SATURDAY DECEMBER 15
During November and December, Tone Madison‘s contributors start really sweating about what we’re going to put on our local year-end lists, thinking back on all the Madison music and cultural happenings we’ve taken in over the past 12 months and wondering how to do justice to it all. As we roll out our best-of-2018 coverage, we’ll be hosting a free listening party on Saturday, December 15 from 5 to 9 p.m. at BarleyPop on Atwood Avenue.
We’ll be preparing a big playlist of our favorite Madison music from 2018 and sharing some Tone Madison swag. Come by to enjoy drinks and snacks, talk with Tone Madison contributors, and learn more about becoming a Tone Madison Sustainer.
Oh, and in the meantime, tell us what you’d like to hear at the party. —Scott Gordon
Madison band Disq crafted eight tracks of charming psych-pop on its 2016 debut album Disq I, and co-founders Isaac deBroux-Slone and Raina Bock make this an easy band to root for. Still just shy of 20, they’ve got an enviable knack for making sugary melodies cut through a variety of textures, from the fuzzy blast of “The CIA” to the organ-enhanced boogie of “Overloaded.” All that promise really snaps into focus on “Communication,” a new track that dropped with a video in November and will get a physical release in November as part of Saddle Creek single series. The song begins with a warbly guitar hook that would have been at home on Disq I, but Bock’s warm, driving bass and the widescreen clarity of the production signal that Disq is pushing to write and arrange power-pop songs with real depth. On the chorus, the band engineers a dynamic burst, as deBroux-Slone sings, “And again communication / Takes me farther away / And the blame falls in between perception,” words that mesh well with the song’s bittersweet euphoria. They share the bill here with two other very good Madison rock bands, Dash Hounds and Hex House. —Scott Gordon
Montreal-based DJ and producer Patrick Holland, who performs as Project Pablo, has a knack for riding restrained grooves into a deep headspace, creating DJ sets that marry an insistent house-music pulse with traces of the music’s atmospheric possibilities. Holland’s original productions, like “Closer,” from 2016’s Beaubien Dream EP, and “Tunstall,” from this year’s full-length Come To Canada You Will Like It, explore the same realm, one that’s equally inviting for people who want to dance and people who just want to drift away in relaxed bliss. Holland is also donating proceeds from Bandcamp sales of Come To Canada to Coast Protectors, a movement of indigenous peoples fighting back against oil pipeline projects in Canada. Joining Project Pablo at this installment of Robinia Courtyard’s Jams series is Rouse, a San Francisco DJ whose sets weave together everything from far-flung ambient passages to driving techno and ambient elements. Madisonians Nathan Port, Evan Woodward, and Erik Kramer round out this DJ night with their own eclectic selections. —Scott Gordon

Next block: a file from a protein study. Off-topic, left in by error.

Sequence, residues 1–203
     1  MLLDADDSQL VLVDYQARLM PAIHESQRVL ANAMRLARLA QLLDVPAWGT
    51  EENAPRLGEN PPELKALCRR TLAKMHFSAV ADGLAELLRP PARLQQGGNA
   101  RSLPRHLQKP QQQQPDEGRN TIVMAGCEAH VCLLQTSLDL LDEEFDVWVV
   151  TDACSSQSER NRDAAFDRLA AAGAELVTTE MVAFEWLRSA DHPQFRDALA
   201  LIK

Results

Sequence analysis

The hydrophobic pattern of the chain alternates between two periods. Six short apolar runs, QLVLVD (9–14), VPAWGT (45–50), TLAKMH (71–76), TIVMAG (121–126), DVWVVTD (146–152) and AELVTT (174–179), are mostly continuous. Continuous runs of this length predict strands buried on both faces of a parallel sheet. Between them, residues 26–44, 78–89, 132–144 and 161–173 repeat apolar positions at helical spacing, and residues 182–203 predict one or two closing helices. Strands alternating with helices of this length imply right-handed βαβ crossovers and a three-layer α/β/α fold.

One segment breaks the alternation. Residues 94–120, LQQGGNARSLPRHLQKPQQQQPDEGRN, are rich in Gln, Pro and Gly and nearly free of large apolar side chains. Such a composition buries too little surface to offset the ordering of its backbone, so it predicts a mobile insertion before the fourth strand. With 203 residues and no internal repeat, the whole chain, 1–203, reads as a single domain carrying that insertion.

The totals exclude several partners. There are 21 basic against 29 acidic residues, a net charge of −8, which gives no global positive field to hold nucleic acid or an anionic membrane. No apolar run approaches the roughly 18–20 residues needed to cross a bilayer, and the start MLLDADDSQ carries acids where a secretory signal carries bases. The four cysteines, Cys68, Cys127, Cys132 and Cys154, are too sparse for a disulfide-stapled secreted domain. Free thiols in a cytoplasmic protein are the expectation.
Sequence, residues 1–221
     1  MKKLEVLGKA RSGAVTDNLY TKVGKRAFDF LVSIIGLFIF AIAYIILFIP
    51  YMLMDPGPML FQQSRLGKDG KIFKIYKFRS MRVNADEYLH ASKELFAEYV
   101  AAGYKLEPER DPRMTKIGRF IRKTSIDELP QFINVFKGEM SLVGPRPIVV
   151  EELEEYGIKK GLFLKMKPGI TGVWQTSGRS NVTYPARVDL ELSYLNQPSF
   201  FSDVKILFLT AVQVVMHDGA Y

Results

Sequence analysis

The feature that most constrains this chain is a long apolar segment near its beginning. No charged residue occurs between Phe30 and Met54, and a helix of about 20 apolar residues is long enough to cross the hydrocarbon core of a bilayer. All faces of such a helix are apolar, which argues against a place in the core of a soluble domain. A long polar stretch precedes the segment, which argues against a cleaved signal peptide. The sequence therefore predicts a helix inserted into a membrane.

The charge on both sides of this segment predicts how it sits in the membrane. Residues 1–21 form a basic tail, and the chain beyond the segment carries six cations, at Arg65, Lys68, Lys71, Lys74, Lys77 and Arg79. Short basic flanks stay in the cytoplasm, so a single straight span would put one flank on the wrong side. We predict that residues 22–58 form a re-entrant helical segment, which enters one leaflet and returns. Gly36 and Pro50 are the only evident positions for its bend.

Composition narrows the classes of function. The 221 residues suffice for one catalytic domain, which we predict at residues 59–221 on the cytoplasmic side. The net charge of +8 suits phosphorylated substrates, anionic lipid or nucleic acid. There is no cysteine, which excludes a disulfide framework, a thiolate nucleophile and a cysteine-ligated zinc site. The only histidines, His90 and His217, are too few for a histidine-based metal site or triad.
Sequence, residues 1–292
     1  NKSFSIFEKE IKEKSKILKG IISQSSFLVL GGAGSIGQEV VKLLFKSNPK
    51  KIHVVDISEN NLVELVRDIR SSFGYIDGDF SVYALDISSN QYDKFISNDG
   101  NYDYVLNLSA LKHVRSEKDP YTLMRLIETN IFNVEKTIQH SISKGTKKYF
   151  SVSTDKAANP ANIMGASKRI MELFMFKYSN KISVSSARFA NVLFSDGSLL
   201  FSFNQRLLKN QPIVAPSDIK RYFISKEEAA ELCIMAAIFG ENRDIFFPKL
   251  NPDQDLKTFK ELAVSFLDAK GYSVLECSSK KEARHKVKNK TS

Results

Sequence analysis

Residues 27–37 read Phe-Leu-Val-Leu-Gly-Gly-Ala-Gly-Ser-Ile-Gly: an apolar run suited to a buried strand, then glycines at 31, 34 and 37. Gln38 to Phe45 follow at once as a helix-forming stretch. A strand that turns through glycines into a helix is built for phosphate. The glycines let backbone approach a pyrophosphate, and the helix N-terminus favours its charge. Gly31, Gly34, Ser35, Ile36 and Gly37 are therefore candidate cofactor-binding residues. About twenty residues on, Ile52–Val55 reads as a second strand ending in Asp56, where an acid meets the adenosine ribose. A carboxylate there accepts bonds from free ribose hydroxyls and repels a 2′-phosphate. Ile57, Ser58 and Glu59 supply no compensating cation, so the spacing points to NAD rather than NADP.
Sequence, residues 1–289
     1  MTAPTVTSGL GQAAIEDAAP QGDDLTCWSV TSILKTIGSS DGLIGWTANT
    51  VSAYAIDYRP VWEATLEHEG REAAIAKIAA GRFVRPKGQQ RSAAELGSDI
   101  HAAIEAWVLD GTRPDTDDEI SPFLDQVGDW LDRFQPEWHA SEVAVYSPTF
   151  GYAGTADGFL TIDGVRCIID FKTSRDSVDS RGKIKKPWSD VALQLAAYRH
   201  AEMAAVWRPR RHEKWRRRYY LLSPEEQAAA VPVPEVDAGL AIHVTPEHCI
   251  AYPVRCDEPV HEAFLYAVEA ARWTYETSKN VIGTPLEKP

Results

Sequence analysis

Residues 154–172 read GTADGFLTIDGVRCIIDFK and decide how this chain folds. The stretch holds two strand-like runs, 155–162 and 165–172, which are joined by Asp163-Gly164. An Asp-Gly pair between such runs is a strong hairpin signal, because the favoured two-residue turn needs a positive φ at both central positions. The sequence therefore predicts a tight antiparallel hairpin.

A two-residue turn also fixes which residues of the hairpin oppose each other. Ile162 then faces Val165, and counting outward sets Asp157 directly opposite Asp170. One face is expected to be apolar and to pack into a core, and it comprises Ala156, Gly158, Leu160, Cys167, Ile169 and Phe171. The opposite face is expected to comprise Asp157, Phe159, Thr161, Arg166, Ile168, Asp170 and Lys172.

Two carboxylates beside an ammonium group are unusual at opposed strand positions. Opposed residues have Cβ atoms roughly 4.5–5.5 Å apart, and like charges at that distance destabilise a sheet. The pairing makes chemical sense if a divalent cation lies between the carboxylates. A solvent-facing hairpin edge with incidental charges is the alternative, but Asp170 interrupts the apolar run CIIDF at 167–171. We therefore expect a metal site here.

SUNDAY DECEMBER 16
Drummer Dave King, of Minneapolis outfit The Bad Plus, embodies a lot of the innovation and mischievous, but still implacably curious, spirit that has enabled jazz to keep on developing as an essential art form in the 21st century. Amid his many collaborations, the group officially known as the Dave King Trio comprises King, bassist Billy Peterson, and pianist Matt Mitchell. Together they explore a repertoire built around jazz standards, and at this concert—taking place at a beautiful east-side church and organized by the jazz booking team at Arts + Literature Laboratory—one can expect an expansive performance that mines the material for both conversational melody and abstract searching. Opening up here is Madison instrumental outfit Major Vistas, whose debut album, 2016’s Minor Anthems, threaded the improvisational possibilities of jazz through pieces that also explored the influence of electronic music and post-rock. It’s elegant but unpretentious and moving music that should make for a good pairing with the headlining act. —Scott Gordon